Energy-saving homes doubled energy bills

electricity meter

Residents of The Pavillion Gardens in Bradford were promised the homes of the future. They were told that thanks to ground-breaking building technology their environmentally-friendly homes would use a fraction of the energy of a traditional home, and save them a small fortune on their bills.

However, 18 months later, it emerged that many were facing energy bills that were twice the size of typical bills - and that one resident says he was charged £1,600 for six months.
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Higher bills

According to a report in the Daily Mail, the properties were built at a cost of £5.6 million by Bradford Council. They have an eco-heat exhaust pump that recycles warm air, solar panels, and rainwater-harvesting systems. They are also super-insulated, and some of the homes are heated by a communal biomass boiler.

However, the council has accepted that there is a 'serious problem' with energy use in the estate. It has blamed the builder and has promised to reimburse the highest bills and work with the contractor and residents to solve the problem.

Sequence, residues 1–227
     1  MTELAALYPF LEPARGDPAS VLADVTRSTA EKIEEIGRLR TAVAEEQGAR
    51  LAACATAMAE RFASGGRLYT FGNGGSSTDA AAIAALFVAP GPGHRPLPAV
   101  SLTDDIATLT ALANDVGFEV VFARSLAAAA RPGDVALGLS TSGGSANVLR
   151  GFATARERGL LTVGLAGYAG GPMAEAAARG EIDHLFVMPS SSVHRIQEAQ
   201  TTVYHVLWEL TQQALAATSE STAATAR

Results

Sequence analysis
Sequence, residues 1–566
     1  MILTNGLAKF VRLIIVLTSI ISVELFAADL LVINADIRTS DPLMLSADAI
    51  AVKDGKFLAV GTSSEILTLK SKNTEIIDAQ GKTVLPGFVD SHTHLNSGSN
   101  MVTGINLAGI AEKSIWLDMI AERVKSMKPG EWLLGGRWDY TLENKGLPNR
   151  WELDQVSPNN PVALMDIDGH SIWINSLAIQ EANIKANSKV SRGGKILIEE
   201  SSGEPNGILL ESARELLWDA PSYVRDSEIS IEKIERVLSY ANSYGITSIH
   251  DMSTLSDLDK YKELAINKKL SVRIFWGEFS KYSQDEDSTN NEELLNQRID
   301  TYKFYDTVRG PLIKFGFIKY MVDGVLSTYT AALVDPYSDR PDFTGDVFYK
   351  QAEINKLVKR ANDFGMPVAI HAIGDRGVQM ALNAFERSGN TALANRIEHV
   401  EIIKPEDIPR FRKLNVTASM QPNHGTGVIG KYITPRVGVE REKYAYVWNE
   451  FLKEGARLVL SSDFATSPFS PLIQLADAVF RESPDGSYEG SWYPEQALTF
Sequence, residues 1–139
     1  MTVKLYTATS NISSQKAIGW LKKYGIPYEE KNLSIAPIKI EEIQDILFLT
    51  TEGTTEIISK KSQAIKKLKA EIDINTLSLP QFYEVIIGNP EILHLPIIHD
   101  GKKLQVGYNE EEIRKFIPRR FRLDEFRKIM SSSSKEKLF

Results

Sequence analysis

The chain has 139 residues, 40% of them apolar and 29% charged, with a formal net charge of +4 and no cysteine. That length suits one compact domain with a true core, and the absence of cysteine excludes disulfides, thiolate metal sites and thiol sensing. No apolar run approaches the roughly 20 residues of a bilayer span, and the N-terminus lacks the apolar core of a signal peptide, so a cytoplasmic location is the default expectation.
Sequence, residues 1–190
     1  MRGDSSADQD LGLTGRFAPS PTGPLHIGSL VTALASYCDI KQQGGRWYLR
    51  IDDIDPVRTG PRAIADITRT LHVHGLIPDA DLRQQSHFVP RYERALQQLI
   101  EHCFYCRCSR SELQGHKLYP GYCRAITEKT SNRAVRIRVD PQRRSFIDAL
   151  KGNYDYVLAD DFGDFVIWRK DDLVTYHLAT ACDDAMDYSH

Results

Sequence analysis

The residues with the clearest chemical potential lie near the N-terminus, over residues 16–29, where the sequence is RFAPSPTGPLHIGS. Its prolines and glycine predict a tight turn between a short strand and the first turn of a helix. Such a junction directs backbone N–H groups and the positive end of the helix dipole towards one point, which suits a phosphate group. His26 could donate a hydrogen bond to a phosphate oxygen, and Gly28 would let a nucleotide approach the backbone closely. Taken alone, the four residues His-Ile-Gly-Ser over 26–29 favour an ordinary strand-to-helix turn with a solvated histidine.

The disaster for residents should hopefully be resolved, and no-one should be left out of pocket. Of course, there's a good chance that they will remain deeply impressed with homes that promised so much and delivered 18 moths of bill horror.

We all pay more

However, you don't have to live in a faulty eco house to pay a small fortune for environmentally friendly energy. We are already paying a levy for the development of alternative energy solutions on our bills, and The Energy Bill announced in May last year reinforced that this burden is likely to grow heavier in the coming months and years.

Jeremy Cryer, head of energy at Gocompare.com, explains: "The government is banking on alternative energy sources, such as solar, becoming more attractive in years to come as the cost of technology and installation comes down. But in the meantime there are warnings of higher fuel bills to fund the investment in clean energy required for future generations. "

"Consumers are now caught between a rock and hard place - expected to pay more if they are to invest in solar energy or pay more for utilities companies to provide their electricity. It's a case of 'mind the gap' for many customers suffering from rising energy costs and few incentives to invest in solar or other green energy solutions."

Of course we can cut our energy bills by taking our own steps to make our homes more eco-friendly, and use less energy. However, we will need to become expert energy savers, and shop around regularly for the best deal if we are to avoid serious price rises in the months to come.

But what do you think? Are you happy to pay more for green energy development, or do you think it's unfair to ask customers to foot the bill? Let us know in the comments.
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